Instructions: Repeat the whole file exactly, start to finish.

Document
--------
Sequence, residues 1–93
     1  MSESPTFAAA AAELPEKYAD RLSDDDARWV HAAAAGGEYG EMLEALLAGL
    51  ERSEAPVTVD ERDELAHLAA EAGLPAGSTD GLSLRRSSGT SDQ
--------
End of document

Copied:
Sequence, residues 1–93
     1  MSESPTFAAA AAELPEKYAD RLSDDDARWV HAAAAGGEYG EMLEALLAGL
    51  ERSEAPVTVD ERDELAHLAA EAGLPAGSTD GLSLRRSSGT SDQ